This is not to say that the Rover Three-Thousand-Five is pedestrian; very far from it. I was so impressed with the way in which it effortlessly covered much ground, putting up deceptively high average speeds while providing great comfort for driver and occupants, and with the fact that adding 1½ litres and four cylinders to the under-bonnet space has in no way impaired the road-holding, understeer not having noticeably increased, nor altered the all-round excellence of the all-disc, Lockheed-servo brakes that I nearly stopped at a remote Post Office in Herefordshire to send Peter Wilks a telegram of congratulation. If the telegraphic address of the Engineering Department instead of that of the Service Department had appeared in the handbook, I should have done. . . .
The latest Rover is, then, something of a tantalising quantity. Not possessing quite the sizzling performance anticipated, not entirely a luxury car like the 3½-litre V8, because there is wind noise at speed and quite a lot of road noise, not noticed in the 2000TC because of its noisier engine, the new Three-Thousand-Five nevertheless appeals because of its smooth vee-eight progression in a very fast safe-handling car of notably compact dimensions. At the time of writing I did not know what it was to cost but felt that if it can be sold at around £1,700, Rover would never be able to keep pace with demand.* (*The price has been announced as £1,400 basic, £1,750 19s. 5d. with the recently increased purchase-tax. This is only £255 11s. 1d. more than the price of a Rover 2000TC. We predict a very big demand for the Rover Three-Thousand-Five—Ed.)
The main differences between this model and the 2000 are confined to a modified base unit to take the different power unit, altered bottom front-suspension links to clear engine, 170 lb./in. rate instead of 150 lb./in, rate coil springs in front, front shock-absorber bore increased by 1/8 in., to 1-in. bore, offset front hubs to take the new road wheels, strengthened final-drive mountings and rubbers, modified rear-suspension top links to clear bigger tyres and larger top-link rubber bushes to improve noise insulation, new rear-suspension bottom links with modified shock-absorber mountings with strengthened rubber bushes, pivoted from a rubber-mounted cross-member to reduce road noise, and 1 3/8-in. bore rear shock-absorbers with 260 lb./in. rate coil springs.
The Burman F3 recirculating ball steering has a variable ratio 21 : 5 to straight ahead, 26.0 : 1 on full lock, compared to 20.3 : 1 of 2000 steering. Then there is the uprated Type 35 Borg Warner transmission, but like the power unit, this is already used for the 3½-litre V8 Rover luxury range. The only differences in the engine installation for the Three-Thousand-Five are those to air-cleaner, exhaust mani-folds, oil filter attachment and choke and throttle connections to get into the space available, new double-skin exhaust downpipes leading into two aluminised steel silencers, heat insulated, and high-pressure hoses for the 15 lb.-pressurised coolant system to suit the new engine and radiator.
The final-drive ratio has been changed (we will return to this in a moment) and has-been strengthened, with a 4-star differential. There are the bigger tyres, Girling brakes with 3-cylinder calipers at the front, using Ferodo 2424F pads and a Lockheed Type 8 servo. That’s about all. There is a Lucas II AC alternator giving 45 amps. at 2,400 engine r.p.m. and a pre-engaged starter, but these are common to the 3.5-litre V8. In case any lady readers are still with me, the Three-Thousand-Five is available in April yellow, as well as in the 2000’s colours, but Brigade Red replaces Racing and Venetian Red. Extras include headrests for front and back seats, with reading lights for the front seats, heated rear window, laminated screen, boot-lid spare-wheel carrier, tachometer, and tinted glass.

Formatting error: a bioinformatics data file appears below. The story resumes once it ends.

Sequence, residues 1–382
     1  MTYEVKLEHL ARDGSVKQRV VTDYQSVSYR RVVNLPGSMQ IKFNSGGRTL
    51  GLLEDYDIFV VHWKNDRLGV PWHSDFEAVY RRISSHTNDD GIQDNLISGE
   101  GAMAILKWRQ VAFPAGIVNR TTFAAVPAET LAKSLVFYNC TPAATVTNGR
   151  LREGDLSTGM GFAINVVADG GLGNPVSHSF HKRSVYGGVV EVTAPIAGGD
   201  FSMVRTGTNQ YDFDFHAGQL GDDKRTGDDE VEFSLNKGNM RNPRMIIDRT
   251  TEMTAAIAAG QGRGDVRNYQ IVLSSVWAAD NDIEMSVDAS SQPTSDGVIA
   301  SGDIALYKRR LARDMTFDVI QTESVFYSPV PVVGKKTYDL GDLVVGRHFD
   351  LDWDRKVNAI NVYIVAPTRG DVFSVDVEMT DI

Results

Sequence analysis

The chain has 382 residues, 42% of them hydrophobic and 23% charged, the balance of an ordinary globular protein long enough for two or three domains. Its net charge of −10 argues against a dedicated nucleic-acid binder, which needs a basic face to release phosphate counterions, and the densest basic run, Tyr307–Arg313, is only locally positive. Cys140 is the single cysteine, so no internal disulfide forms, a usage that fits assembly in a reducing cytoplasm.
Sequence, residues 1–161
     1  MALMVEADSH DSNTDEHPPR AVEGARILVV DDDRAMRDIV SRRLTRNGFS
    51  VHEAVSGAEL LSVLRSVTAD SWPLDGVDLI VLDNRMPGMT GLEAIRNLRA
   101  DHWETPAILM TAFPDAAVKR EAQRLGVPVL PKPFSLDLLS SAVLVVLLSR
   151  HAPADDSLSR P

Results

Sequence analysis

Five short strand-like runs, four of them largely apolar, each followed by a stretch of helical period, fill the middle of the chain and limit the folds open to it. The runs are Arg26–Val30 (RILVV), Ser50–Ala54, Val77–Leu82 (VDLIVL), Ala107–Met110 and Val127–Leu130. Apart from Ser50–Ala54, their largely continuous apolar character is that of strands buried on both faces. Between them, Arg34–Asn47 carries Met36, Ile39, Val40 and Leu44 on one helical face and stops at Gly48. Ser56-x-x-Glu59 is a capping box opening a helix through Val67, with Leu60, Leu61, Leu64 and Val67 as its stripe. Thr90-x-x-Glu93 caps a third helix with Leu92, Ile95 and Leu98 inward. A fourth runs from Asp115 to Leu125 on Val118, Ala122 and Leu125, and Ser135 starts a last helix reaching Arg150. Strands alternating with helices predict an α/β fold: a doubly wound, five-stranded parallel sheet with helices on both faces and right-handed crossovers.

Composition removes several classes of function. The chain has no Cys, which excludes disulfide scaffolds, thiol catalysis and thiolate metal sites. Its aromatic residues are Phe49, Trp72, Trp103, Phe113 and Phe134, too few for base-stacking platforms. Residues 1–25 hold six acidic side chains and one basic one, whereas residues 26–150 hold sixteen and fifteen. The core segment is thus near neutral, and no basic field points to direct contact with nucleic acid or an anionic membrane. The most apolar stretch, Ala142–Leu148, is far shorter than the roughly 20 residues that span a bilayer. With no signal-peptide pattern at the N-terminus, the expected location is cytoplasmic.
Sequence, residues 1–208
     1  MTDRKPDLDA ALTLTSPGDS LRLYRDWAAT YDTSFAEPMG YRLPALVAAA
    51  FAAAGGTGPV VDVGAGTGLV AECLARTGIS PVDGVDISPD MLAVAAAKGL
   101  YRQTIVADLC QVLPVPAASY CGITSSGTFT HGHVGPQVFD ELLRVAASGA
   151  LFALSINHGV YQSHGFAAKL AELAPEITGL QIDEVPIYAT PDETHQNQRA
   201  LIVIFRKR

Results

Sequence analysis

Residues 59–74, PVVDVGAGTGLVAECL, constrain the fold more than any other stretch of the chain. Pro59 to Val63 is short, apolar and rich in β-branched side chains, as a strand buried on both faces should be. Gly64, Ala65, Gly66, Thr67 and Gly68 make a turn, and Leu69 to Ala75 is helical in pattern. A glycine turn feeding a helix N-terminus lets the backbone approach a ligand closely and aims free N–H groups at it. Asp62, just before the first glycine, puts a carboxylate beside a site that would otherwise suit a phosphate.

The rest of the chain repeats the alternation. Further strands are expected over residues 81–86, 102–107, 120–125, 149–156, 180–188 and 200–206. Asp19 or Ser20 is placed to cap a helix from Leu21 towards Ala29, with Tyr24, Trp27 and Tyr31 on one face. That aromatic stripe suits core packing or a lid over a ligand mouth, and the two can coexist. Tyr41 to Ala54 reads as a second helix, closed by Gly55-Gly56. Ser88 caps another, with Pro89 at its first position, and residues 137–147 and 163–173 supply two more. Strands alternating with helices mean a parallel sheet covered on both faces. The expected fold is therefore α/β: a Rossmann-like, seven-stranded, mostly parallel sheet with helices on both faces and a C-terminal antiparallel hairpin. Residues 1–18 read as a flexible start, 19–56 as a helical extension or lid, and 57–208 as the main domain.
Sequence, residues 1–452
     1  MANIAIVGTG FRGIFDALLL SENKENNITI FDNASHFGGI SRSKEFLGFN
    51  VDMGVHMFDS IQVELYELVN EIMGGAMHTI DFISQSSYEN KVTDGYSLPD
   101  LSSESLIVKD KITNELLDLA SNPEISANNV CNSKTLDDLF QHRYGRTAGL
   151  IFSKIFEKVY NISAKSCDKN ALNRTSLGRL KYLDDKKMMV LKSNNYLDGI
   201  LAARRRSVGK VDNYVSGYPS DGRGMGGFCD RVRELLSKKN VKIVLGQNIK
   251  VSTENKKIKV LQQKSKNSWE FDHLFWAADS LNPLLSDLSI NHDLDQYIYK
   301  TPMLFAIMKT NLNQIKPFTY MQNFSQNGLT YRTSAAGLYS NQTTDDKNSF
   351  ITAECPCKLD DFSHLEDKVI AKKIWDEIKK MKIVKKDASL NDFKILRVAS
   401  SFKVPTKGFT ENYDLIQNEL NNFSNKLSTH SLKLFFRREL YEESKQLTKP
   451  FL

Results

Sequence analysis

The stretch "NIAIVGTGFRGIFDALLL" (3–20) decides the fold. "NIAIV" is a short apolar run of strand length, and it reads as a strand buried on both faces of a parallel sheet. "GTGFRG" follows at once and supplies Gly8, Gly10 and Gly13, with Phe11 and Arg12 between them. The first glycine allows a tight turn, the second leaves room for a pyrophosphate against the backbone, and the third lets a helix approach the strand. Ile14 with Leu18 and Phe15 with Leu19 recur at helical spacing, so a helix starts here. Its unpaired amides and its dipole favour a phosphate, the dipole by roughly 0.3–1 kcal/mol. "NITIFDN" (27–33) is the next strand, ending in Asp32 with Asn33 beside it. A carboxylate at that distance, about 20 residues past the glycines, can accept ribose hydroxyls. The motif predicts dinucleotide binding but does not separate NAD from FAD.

Reverting to the somewhat less than expected acceleration, it could be that the Rover Three-Thousand-Five is deceptive. It does accelerate better than a 2000TC and the bigger V8, by quite a useful margin, as the following figures show:
0- 30 .. 3.8 sec.
0- 40 .. 5.8 sec.
0- 50 .. 8.5 sec.
0- 60 .. 11.9 sec.
0- 70 .. 16.5 sec.
0- 80 .. 22.0 sec.
0- 90 .. 31.2 sec.
0-100 .. —
s.s. ¼-mile .. 18.4 sec.
3-Litre V8 saloon
0- 30 .. 4.8 sec.
0- 40 .. 6.6 sec.
0- 50 .. 8.9 sec.
0- 60 .. 12.4 sec.
0- 70 .. 16.3 sec.
0- 80 .. 21.8 sec.
0- 90 .. 31.5 sec.
0-100 .. 45.0 sec.
s.s. ¼-mile .. 18.3 sec.
0- 30 .. 3.7 sec.
0- 40 .. 5.1 sec.
0- 50 .. 7.0 sec.
0- 60 .. 9.5 sec.
0- 70 .. 13.1 sec.
0- 80 .. 17.3 sec.
0- 90 .. 22.9 sec.
0-100 .. 32.7 sec.
s.s. ¼-mile .. 17.5 sec.
That these figures are not even better is probably due to the high gearing Peter Wilks has adopted, presumably out of consideration for the rev. limit sensibilities of a former-generation push-rod power unit, or perhaps to reduce noise level from a unit which is packed into a confined space in very dose proximity to the front-seat occupants. He certainly has used high gearing, the Three-Thousand-Five having an axle-ratio of 3.08 to 1, compared to 3.54 to 1 of the 3½-litre V8 and the 2000 range. It would seem to be this which hampers performance, for the new car has some 70 h.p. more than the 2000TC for a weight increase of only about 52 lb. However, a s.s. ¼-mile in 17½ sec. from a four-seater saloon isn’t bad—6¼-litres of V8 in the Rolls-Royce Silver Shadow also require 17.5 sec. . . .
Rover claim a touring fuel consumption of 21.6 m.p.g. from the Three-Thousand-Five. For part of my journey I was getting around 20 to 21 m.p.g. but driving moderately quickly this became 19.0 m.p.g., with the lowest figure 18.7 m.p.g., of the essential 101-octane petrol. After the first use of the petrol reserve control it needed force to return it; it functioned once thereafter and then became inoperative. The gear selector became stiff to move from the P position and there was an occasional squeal from the region of the brake pedal. Otherwise, this latest small Rover V8 proved a fast, fascinating car. Its V8 engine added much refinement, removed a taste of agricultural, from a brilliant conception of modern luxury/compact motor-car. If endowing the old Rover 3-litre with a V8 engine has made it into a very acceptable small-businessman’s Silver Cloud, the new V8 Three-Thousand-Five may be said to represent a very opportune, if somewhat clamorous budget Day Silver Shadow. . .—W. B.